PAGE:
Casey, S.; Krarti, M.; Bianchi, M.; Roberts, D.

2010-08-01T23:59:59.000Z

328

Test for Modeling Windows in DOE 2.1E for Comparing the Window Library with the Shading Coefficient Method for a Single-Family Residence in Texas  

E-Print Network (OSTI)

This study examines the difference of the window simulation test between the Shading Coefficient (SC) and the Window Library (WL) Methods on DOE 2.1E of the 2000 IECC (International Energy Conservation Code) for single-family residences in Texas. The window simulation tests are performed using single-pane, double-pane, and low-e glass on two standard DOE 2.1E single-family house models: 1) the model which has the R-value for wall, roof and floor according to 2000 IECC (Quick Wall), and 2) the model which has the real wood frame wall and has the same R-value as the first one (Thermal Wall). The analysis showed different results according to the types of the glass, simulation method (Shading Coefficient or Window Library), and types of wall (quick wall and thermal wall). The saving of daily peak heating (kBtu/day) from single-pane to low-e glass on thermal mass and quick wall shows the most variation.

Kim, S.; Haberl, J. S.

2008-07-18T23:59:59.000Z

329

Appropriate Conservation Measures for Single-Family Buildings in Hot, Humid Climates  

E-Print Network (OSTI)

The effectiveness of a number of energy conservation measures for homes located in hot, humid climates was analyzed using the DOE-2.1B building simulation model. Measures having the greatest benefits to the homeowner are predicted to be the addition of ceiling insulation only if the house is not already insulated, weatherization, and reduction of the wall outer surface solar absorptance. The weatherization and solar absorptance reduction measures should be do-it-yourself installations to be cost-effective Replacement of an air-conditioning unit with a new high-efficiency unit was very effective in reducing peak demand and annual cooling energy. Unless the energy efficiency ratio of the existing unit is low (< 6), replacement is generally not cost-effective. The measures were predicted to result in slightly increased indoor humidities, but their effect on human comfort was predicted to be small. However, this conclusion should be considered preliminary since the simulation models used for these predictions have limitations. The amount of energy that can be saved by these measures is very dependent on the occupant's lifestyle, such as the degree to which the occupants will alter clothing to achieve comfort.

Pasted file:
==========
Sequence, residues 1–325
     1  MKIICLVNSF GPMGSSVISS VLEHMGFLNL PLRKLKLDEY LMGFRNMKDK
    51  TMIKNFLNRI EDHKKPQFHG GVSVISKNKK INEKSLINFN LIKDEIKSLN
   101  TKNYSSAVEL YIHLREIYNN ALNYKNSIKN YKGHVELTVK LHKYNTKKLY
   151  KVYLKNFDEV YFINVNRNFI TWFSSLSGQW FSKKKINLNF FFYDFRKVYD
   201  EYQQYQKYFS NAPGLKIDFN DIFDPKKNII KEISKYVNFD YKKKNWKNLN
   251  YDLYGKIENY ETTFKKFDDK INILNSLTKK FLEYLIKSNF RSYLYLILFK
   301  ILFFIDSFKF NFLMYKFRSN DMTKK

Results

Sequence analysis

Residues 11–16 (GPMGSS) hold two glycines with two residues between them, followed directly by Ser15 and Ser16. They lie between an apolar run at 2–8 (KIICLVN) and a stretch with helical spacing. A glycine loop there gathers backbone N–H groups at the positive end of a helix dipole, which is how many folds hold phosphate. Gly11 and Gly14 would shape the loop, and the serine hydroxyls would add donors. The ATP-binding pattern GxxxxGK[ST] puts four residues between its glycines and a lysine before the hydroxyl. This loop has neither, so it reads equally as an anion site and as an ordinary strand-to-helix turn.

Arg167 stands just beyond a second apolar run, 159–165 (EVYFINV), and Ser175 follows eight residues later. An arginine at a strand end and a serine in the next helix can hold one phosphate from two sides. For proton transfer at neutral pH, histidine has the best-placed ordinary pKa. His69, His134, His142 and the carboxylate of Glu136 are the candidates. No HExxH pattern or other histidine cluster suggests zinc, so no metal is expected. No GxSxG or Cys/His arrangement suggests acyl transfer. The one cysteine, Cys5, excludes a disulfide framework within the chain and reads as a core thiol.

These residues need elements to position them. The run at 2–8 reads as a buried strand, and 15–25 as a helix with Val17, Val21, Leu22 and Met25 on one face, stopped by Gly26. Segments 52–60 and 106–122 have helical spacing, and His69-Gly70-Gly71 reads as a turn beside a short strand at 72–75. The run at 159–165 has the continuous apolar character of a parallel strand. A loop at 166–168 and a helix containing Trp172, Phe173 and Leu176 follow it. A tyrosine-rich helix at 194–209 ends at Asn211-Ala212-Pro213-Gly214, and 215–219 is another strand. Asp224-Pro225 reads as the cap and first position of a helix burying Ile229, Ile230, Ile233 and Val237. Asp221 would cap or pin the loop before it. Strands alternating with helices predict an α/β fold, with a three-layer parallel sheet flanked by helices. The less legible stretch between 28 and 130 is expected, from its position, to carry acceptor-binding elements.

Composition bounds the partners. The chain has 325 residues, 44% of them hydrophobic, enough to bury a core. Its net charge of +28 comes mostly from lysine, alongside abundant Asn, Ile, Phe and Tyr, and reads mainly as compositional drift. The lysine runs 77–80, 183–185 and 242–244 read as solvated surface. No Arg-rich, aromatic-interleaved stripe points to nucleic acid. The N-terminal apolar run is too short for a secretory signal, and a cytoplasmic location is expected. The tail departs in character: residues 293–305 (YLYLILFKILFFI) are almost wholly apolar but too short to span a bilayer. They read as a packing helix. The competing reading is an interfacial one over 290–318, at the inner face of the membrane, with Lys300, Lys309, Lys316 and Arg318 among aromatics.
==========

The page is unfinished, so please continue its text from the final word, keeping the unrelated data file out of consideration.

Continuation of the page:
McLain, H. A.; MacDonald, J. M.; Goldenberg, D.

1985-01-01T23:59:59.000Z

330

" Million Housing Units, Final...  

U.S. Energy Information Administration (EIA) Indexed Site

,"Q","Q","Q","Q","Q","Q","Q","Q","N" "Electricity End Uses2" "(more than one may apply)" "Space Heating",58,38,20,30.7,4.5,1.8,1.6,0.5,3.8,1,9.1,4,1 "Main",38.1,22.6,15.5,17.4,2.6,...

331

" Million Housing Units, Final...  

U.S. Energy Information Administration (EIA) Indexed Site

,0.2,"N","Q","Q","Q","Q","Q","Q","N" "Electricity End Uses2" "(more than one may apply)" "Space Heating",58,29.7,16.8,2.2,2.3,5.8,2.4,4.1,5,1.8,3.2,7.9,5,2.9 "Main",38.1,24.2,14,1....

332

" Million Housing Units, Final...  

U.S. Energy Information Administration (EIA) Indexed Site

"Less than 2 Computers",74.3,15.2,5.1,2.5,1.1,1.4,2.6,1.4,1.2,10.1,7.3,2.8 "Use of Internet" "Have Internet Access" "Yes",81.1,18.8,5.8,2.9,1.4,1.6,2.9,1.7,1.2,13,9.3,3.7...